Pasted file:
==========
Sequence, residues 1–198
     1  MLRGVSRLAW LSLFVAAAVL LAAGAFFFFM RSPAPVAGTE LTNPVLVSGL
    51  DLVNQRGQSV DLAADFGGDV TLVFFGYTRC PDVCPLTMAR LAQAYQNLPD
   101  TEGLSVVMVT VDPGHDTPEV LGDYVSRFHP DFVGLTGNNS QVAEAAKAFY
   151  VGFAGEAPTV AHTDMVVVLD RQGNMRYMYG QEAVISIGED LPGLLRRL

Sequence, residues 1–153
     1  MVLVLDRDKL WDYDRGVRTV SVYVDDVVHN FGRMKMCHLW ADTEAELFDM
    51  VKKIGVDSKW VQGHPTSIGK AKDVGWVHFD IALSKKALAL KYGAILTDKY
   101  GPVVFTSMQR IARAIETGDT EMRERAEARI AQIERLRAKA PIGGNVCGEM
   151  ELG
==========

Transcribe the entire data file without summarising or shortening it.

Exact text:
Sequence, residues 1–198
     1  MLRGVSRLAW LSLFVAAAVL LAAGAFFFFM RSPAPVAGTE LTNPVLVSGL
    51  DLVNQRGQSV DLAADFGGDV TLVFFGYTRC PDVCPLTMAR LAQAYQNLPD
   101  TEGLSVVMVT VDPGHDTPEV LGDYVSRFHP DFVGLTGNNS QVAEAAKAFY
   151  VGFAGEAPTV AHTDMVVVLD RQGNMRYMYG QEAVISIGED LPGLLRRL

Sequence, residues 1–153
     1  MVLVLDRDKL WDYDRGVRTV SVYVDDVVHN FGRMKMCHLW ADTEAELFDM
    51  VKKIGVDSKW VQGHPTSIGK AKDVGWVHFD IALSKKALAL KYGAILTDKY
   101  GPVVFTSMQR IARAIETGDT EMRERAEARI AQIERLRAKA PIGGNVCGEM
   151  ELG